38 Essential Chunks to Describe People in Spanish

38 Essential Chunks to Describe People in Spanish [SPANISH LESSON 26]

In this article, I’ll teach you 38 words and some phrases to describe people in Spanish, whether it’s someone you just met or whether you are trying to find a friend in the middle of una fiesta (a party).

Descriptions are also helpful when talking to the police (for the facial composite of a robber, for example), or when you gather with your friends a echar el chisme (to gossip).

In any case, after reading this article, you’ll know all the phrases to describe someone’s appearance and character!

1. The basics to describe people in Spanish

The chunks used to describe yourself are Yo soy (I am) or Yo tengo (I have), from the verbs “ser y tener” (to be and to have). To describe someone else, you would use él/ella es (s/he is) and él/ella tiene (s/he has).

I would describe myself as follows:

  • Yo soy una mujer alta. (I am a tall woman.)
  • Tengo cabello castaño. (I have light brown hair.)
  • Tengo ojos cafés. (I have brown eyes.)
  • Yo soy joven y tengo piel morena. (I am young and I have brown skin.)

2. Physical descriptions in Spanish

So, as you can see, to describe a person you can talk about their estatura (height):

  • alto or alta (tall)
  • bajo or baja (short)

And, my personal favorite, chaparrito or chaparrita, which is used to refer nicely to someone who is very short. It’s also a term of endearment.

What about referring to tamaño (size) in relation to el cuerpo (the body)?

  • delgado or delgada (slim)
  • curvilínea or voluptuosa (curvy)
  • gordo or gorda (fat)
  • grande (big)
  • pequeño or pequeña (small)

It is helpful to learn the body parts first, so you can use them to specifically describe them, for that I have made a video about the body parts that you can check out as well.

For example, el cabello de las personas (people’s hair) may be:

  • rubio (blonde)
  • pelirrojo (ginger)
  • castaño (light brown)
  • negro (black)
  • rizado (curly)
  • lacio (straight)
  • ondulado (wavy)
  • recogido (tied)
  • suelto (loose)
  • corto (short)
  • largo (long)

Some of the features a person might have on their face include:

  • un bigote (a mustache)
  • una barba (a beard)
  • un lunar (a mole)
  • pecas (freckles)
  • hoyuelos (dimples)

Or you can recognise someone because they wear glasses: María Fernanda usa lentes (María Fernanda wears glasses).

These are some phrases you may use to talk about la apariencia de alguien (someone’s appearance):

  • un hombre guapo (a handsome man)
  • una mujer guapa (a beautiful woman)
  • un hombre feo or una mujer fea (an ugly man/woman)
  • bonita or bonito (pretty)

3. Using Spanish adjectives in context to describe people

En la fiesta (at a party)…

  • Hola, ¿has visto a mi amigo? (Hello, have you seen my friend?)
  • Él es blanco, alto y muy guapo. (He is white, tall and very handsome.)
  • Tiene ojos azules y cabello rubio. (He has blue eyes and blonde hair). 
  • También tiene una nariz grande con un lunar. (He also has a big nose with a mole on it.)
  • ¿Lo viste? (Did you see him?)

Using muy (very) before an adjective helps to reinforce the characteristic. In the example “muy guapo”, handsome is emphasized, and you may apply the same to different adjectives.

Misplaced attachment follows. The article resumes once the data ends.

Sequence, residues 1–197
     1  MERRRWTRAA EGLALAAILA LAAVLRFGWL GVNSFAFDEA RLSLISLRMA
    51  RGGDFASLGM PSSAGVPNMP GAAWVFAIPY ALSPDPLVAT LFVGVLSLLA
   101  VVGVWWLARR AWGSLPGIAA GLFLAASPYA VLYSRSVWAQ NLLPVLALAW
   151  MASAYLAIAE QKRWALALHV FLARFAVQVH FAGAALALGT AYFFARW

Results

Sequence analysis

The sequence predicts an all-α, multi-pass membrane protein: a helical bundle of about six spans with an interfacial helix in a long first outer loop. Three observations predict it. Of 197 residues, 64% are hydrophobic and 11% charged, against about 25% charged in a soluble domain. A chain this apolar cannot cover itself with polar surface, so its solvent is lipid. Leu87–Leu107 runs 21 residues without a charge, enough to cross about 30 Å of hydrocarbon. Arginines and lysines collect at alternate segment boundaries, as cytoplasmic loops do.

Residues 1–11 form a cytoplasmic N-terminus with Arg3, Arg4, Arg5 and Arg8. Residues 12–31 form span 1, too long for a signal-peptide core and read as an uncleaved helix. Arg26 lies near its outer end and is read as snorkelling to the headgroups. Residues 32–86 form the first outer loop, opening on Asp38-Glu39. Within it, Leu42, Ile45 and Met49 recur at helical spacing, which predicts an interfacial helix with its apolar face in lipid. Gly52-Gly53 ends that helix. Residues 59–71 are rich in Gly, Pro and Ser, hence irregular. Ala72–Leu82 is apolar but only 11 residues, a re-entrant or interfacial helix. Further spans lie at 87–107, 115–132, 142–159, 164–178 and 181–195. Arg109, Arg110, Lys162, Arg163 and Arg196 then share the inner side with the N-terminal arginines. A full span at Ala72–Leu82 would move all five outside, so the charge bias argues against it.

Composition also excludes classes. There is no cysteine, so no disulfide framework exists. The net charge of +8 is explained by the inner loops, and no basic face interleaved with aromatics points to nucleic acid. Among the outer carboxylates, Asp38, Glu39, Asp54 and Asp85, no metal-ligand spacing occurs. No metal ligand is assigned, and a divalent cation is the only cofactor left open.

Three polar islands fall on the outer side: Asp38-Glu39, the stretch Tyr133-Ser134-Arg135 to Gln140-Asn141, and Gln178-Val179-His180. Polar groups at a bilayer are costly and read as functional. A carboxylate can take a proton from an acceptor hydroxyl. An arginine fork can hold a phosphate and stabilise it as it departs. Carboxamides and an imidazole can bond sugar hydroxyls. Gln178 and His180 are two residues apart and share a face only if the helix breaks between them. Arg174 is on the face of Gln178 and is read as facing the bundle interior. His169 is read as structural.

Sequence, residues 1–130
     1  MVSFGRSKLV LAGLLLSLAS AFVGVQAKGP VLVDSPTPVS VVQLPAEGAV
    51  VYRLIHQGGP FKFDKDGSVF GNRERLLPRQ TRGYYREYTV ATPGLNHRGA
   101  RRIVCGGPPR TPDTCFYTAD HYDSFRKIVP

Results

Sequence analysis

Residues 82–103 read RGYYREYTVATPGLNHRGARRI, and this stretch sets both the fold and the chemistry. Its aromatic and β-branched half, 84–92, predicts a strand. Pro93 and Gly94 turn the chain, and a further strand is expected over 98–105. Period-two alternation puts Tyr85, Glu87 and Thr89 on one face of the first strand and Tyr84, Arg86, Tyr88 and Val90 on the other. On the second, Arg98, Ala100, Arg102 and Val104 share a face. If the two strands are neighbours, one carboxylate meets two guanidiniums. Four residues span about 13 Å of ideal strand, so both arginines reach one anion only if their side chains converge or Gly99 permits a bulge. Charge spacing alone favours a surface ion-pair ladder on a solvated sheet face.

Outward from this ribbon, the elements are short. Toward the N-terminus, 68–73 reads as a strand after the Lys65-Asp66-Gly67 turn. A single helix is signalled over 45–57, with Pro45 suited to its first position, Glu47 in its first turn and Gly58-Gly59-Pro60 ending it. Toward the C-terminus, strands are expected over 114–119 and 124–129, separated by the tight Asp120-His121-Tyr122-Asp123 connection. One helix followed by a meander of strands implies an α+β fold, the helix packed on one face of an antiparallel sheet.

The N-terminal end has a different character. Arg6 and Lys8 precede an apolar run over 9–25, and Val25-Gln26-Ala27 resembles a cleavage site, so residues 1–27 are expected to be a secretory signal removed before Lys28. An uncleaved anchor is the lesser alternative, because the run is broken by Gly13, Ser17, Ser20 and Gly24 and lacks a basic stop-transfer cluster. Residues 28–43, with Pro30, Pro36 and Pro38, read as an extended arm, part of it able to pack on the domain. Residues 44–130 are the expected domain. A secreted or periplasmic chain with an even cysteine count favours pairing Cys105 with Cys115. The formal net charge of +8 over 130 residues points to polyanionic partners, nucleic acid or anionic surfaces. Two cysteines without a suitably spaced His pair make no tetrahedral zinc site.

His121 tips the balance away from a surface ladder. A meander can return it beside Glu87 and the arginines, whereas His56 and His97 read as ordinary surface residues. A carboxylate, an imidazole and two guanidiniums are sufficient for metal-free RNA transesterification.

4. Qualities of people in Spanish

What happens if a physical description is not enough? Then, you need to talk about las cualidades de la persona (a person’s qualities).

A person may be:

  • inteligente (smart)
  • astuto or astuta (clever)
  • tonto or tonta (stupid)
  • loco or loca (crazy)
  • extraño or extraña (weird)
  • paciente (patient)
  • flojo or floja (lazy)
  • trabajador or trabajadora (hard-working)
  • amable (nice)
  • cariñoso or cariñosa (caring)
  • grosero or grosera (rude)

Fun fact! Did you notice that no distinction is made between femenine or masculine in words ending with an E? That’s because the same word applies to both women and men.

Let’s have a look at the following example:

  • Marta es mi mamá. Ella es muy inteligente y trabajadora. (Marta is my mom. She is very smart and hard-working.)

Another fun fact! If you ever travel to Mexico, you should know the chunks that we use to describe someone depending on whether we like them or not:

  • Tú eres / Él o ella es “buena onda” (You are / He or She is friendly)
  • Tú eres / Él o ella es “mala onda” (You are/ He or She is not friendly)
  • Tú eres / Él o ella es “chido” (You are/ He or She is cool)
  • Él o ella es una “víbora” (Literally, he or she is a snake) — This expression is used to talk about people who like speaking about others behind their back.

If you say these chunks, ¡ya eres mexicano, wey! (Dude, you are a Mexican!)

5. Asking to describe someone or something

Lastly, you should know how to ask someone to describe another person to you.

You should use these two chunks:

  • ¿Cómo es tu hermana / mamá / novio/ novia? (How is your sister/mom/boyfriend/ girlfriend?)
  • ¿Cómo luce? (How does she/he look like?)

6. Learn adjectives to describe personality with FREE Spanish Training

Excellent work guys! Now you know how to describe yourself or others in Spanish. So can you tell me in the comments how would you describe YOURSELF? And if you want to learn more vocabulary, then feel free to check out the other videos on our channel

Now, if you’re ready to go beyond that and have more in-depth conversations in fluent Spanish, we have a free Spanish training on our website where you’ll discover the method we use in our Spring Spanish Academy to teach students to speak fluent Spanish. You also get some free sample Spanish lessons there that come straight from our Academy!

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